The troops started to move into the country in late July, with the exercises scheduled for mid-September. Both the Russian and Belarussian authorities have vowed publicly that the troops will return home after the exercise.
Over the years, as Mr. Lukashenko has sought to demonstrate his independence, he has periodically picked fights with Russia’s president, Vladimir V. Putin — stage-managed affairs that have been quickly patched up in highly public displays of Slavic brotherhood.
As Moscow’s relations with the West have plunged to levels last seen during Soviet times, however, Mr. Lukashenko’s balancing act has grown increasingly untenable. The time may be approaching when he will have to choose between the two camps, a decision that carries decided risks.
An overt move to embrace the West could provoke a reaction from the Kremlin, as happened in Ukraine after the ouster of President Viktor F. Yanukovych. The West almost certainly would not oppose such a move militarily.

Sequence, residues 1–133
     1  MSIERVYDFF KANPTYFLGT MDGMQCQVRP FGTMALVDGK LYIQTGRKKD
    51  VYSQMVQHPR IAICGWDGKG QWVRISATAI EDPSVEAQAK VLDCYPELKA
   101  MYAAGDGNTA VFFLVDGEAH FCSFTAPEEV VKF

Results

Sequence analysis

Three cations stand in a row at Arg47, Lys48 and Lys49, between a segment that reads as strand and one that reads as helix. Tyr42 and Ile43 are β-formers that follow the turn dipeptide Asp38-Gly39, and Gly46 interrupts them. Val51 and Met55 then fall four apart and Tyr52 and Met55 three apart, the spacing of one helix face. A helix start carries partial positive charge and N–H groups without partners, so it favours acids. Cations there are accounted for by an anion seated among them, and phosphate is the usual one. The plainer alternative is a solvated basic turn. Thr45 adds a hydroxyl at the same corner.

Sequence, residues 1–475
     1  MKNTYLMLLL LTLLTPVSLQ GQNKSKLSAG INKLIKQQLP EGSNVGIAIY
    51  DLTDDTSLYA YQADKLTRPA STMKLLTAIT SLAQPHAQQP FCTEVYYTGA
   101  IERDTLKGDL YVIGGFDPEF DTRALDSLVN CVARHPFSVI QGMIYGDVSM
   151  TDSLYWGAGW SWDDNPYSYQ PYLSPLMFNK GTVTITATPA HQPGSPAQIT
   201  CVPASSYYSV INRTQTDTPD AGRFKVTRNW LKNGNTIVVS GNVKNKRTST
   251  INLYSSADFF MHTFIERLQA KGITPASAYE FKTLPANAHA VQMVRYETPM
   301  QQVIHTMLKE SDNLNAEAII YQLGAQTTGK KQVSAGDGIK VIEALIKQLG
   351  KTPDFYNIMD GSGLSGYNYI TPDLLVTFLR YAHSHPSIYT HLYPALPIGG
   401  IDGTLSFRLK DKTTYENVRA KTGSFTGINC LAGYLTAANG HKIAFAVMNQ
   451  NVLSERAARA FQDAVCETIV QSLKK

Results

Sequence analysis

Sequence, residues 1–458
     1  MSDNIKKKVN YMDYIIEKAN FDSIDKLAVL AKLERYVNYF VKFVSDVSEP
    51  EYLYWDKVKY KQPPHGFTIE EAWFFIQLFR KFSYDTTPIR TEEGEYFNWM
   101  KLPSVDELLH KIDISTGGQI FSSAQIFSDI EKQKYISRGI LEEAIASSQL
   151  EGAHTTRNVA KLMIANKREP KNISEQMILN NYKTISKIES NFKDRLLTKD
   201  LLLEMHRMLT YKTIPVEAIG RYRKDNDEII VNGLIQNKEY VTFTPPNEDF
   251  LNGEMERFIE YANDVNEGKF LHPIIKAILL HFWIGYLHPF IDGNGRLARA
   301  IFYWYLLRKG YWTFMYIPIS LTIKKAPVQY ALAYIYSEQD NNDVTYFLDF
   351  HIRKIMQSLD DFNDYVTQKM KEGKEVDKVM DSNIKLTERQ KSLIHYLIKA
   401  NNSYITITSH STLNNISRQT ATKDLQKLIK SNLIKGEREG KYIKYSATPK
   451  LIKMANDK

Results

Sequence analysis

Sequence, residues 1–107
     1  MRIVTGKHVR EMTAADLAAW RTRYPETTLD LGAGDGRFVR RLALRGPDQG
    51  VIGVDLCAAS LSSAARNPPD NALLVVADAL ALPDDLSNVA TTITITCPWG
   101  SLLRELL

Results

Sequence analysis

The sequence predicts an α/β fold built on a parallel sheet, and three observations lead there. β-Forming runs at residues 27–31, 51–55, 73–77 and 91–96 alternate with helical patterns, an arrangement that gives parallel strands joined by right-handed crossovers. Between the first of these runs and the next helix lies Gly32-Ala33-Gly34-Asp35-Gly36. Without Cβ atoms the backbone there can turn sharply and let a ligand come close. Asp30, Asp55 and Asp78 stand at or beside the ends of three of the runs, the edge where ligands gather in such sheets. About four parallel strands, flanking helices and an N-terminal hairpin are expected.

But a complete embrace of Russia would collapse Belarus’s sovereignty and could renew the street demonstrations that erupted this year among a population already seething over declining living standards.
Most analysts assume that Mr. Lukashenko, if forced to choose, will throw his lot in with his patrons in Moscow.
“Belarus can build many bridges to the West, but it cannot cross any of them,” said Artyom Shraibman, sitting in the modern newsroom of Tut.by, the country’s leading independent news website, where he is a political editor. “The European vector is just a way to balance the relationship with Russia.”